Here are some miscellaneous news and notes to pass along this evening:
- Earlier today, ESPN reported that Kings center DeMarcus Cousins injured his right knee during Team USA practice today. Fortunately, an MRI reveled no structural damage, and Cousins is now listed as day-to-day, tweets Marc J. Spears of Yahoo Sports.
- USA Basketball managing director Jerry Colangelo described Kevin Durant‘s decision to drop out of Team USA as a “contractual situation” in which “he had no choice,” notes Erik Horne of NewsOK, who doesn’t think that those comments are consistent with Durant’s official statement for withdrawing. Last week, the Thunder star mentioned an inability to fulfill his responsibilities from a “time and energy standpoint” as a reason for his departure.
- Team USA coach Mike Krzyzewski was among many who were caught off-guard by Durant’s decision to leave the national team, notes Nick Friedell of ESPNChicago.com.
- DeJuan Blair is eager to build on a productive playoff series against the Spurs this past May as he suits up for the Wizards in 2014/15, writes Jorge Castillo of the Washington Post. “I was very excited when I (learned I was traded from Dallas to Washington). It was like a dream come true…Last year, I saw what type of team they had. The youth, the big men coming up, the ingredients around the team. And I think I’ll be a great addition.”
- Based on what he’s seen from Andre Drummond so far, Team USA assistant Tom Thibodeau spoke glowingly about how Pistons coach Stan Van Gundy will be an ideal coach to help the 21-year-old big man reach his potential (piece from Keith Langlois of Pistons.com).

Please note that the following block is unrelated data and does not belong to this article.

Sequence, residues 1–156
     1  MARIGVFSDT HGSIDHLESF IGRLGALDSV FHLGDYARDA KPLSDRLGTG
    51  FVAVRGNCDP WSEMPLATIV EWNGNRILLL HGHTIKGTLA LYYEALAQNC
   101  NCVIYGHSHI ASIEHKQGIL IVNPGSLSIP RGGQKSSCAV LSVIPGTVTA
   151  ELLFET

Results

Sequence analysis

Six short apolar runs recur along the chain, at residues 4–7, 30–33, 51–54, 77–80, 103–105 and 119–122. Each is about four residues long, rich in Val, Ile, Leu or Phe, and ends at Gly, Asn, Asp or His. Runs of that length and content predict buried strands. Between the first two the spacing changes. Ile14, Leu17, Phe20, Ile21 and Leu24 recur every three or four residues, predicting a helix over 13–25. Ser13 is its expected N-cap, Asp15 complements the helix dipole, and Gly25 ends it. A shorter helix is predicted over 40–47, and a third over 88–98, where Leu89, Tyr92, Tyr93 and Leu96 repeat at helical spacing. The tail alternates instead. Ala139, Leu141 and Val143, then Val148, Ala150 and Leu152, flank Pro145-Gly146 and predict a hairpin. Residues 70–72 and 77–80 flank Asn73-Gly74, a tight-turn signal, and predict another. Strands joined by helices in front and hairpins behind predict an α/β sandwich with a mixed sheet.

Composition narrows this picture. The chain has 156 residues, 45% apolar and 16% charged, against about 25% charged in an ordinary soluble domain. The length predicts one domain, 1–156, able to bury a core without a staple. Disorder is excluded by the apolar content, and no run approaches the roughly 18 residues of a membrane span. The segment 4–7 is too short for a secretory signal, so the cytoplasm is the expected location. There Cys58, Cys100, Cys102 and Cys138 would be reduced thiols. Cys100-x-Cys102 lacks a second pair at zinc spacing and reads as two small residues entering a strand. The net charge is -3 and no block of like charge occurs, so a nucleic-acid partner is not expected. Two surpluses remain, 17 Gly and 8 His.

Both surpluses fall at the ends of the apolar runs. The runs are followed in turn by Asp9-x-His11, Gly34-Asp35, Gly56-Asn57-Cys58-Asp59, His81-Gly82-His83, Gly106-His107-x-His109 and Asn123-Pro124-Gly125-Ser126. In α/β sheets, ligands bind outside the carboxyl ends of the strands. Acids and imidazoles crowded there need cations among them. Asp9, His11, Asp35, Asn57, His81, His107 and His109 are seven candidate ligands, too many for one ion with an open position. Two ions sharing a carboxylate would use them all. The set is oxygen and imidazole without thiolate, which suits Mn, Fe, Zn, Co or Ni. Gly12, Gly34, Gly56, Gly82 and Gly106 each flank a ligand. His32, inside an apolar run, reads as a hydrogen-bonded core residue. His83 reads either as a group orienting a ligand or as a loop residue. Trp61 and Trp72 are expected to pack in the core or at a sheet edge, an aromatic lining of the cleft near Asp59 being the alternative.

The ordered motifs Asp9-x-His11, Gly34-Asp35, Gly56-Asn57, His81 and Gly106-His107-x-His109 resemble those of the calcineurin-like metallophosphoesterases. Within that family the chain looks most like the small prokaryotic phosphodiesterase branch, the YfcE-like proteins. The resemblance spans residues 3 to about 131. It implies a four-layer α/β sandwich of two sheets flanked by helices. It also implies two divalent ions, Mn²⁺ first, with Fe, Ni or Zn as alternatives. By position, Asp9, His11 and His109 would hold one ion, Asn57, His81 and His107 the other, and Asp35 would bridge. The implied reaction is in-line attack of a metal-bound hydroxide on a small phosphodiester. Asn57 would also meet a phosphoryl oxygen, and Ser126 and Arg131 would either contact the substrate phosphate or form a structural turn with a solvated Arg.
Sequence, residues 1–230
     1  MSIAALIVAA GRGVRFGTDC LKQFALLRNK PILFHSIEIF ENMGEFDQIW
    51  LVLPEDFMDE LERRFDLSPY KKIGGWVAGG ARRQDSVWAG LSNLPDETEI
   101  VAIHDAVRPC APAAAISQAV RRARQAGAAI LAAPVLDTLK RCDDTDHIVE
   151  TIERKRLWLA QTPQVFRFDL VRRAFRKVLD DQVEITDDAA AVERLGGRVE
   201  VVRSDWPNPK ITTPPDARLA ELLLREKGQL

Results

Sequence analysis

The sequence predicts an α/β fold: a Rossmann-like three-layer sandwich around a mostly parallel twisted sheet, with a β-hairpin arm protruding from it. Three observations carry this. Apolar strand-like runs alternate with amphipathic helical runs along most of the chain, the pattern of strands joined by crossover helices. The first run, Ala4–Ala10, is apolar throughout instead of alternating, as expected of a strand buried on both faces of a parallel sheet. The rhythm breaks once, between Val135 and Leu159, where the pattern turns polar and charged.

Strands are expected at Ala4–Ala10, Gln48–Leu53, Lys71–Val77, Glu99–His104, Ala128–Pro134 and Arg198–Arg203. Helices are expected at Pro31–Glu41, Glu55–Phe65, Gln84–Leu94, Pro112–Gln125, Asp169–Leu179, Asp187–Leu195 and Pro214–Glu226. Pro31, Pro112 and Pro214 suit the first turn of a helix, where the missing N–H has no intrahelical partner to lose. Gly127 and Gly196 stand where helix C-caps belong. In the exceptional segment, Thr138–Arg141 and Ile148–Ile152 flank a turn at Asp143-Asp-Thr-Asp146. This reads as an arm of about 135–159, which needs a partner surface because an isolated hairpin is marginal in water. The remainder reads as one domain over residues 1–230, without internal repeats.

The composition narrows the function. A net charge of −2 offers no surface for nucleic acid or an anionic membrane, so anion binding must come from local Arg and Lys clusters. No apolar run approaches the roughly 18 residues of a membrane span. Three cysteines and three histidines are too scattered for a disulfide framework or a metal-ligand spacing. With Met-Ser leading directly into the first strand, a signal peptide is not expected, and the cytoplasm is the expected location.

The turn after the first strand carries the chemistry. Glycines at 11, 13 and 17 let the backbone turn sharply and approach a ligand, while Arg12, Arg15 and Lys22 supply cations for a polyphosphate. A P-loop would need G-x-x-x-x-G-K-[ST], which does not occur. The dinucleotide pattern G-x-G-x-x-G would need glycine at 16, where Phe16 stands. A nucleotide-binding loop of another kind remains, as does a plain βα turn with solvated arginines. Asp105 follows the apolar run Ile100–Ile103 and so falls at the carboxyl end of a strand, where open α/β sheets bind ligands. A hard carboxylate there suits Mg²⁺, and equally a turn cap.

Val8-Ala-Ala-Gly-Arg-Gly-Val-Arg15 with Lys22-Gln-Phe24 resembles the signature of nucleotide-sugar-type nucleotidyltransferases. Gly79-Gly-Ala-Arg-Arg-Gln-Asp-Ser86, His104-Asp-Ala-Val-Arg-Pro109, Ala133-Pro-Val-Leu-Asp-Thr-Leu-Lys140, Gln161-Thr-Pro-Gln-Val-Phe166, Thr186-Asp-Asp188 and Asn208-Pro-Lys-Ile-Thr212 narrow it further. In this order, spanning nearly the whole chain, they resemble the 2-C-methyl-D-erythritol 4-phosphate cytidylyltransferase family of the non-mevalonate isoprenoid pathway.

With the Bulls using their amnesty provision on Carlos Boozer on Tuesday, only seven NBA players remain amnesty-eligible as noted in our 2014 Amnesty Primer. But the five teams that haven’t used the provision will have to wait until next summer, as Wednesday marked the deadline for this offseason.
Boozer was snatched up by the Lakers earlier today for a manageable price of $3.25MM, though as ESPN’s Marc Stein reports (via Twitter), the Duke product had strong interest in the Rockets had he gone unclaimed and cleared waivers. Meanwhile, Eric Pincus of the L.A. Times speculates that Boozer’s presence might signal a more complimentary role for rookie Julius Randle unless the playoff-hungry Lakers consider June’s No. 7 pick a small forward (Twitter links are here).
Here’s more from around the league on Thursday night:
- DeJuan Blair‘s starting salary in his new deal with the Wizards is $2MM, Hoops Rumors has learned, so that leaves just $16K on the Eric Maynor trade exception the team reportedly used to absorb him via sign-and-trade from the Wizards. That effectively exhausts the Maynor exception, which expires this coming February 20th, since the remaining $16K wouldn’t be enough to absorb another player.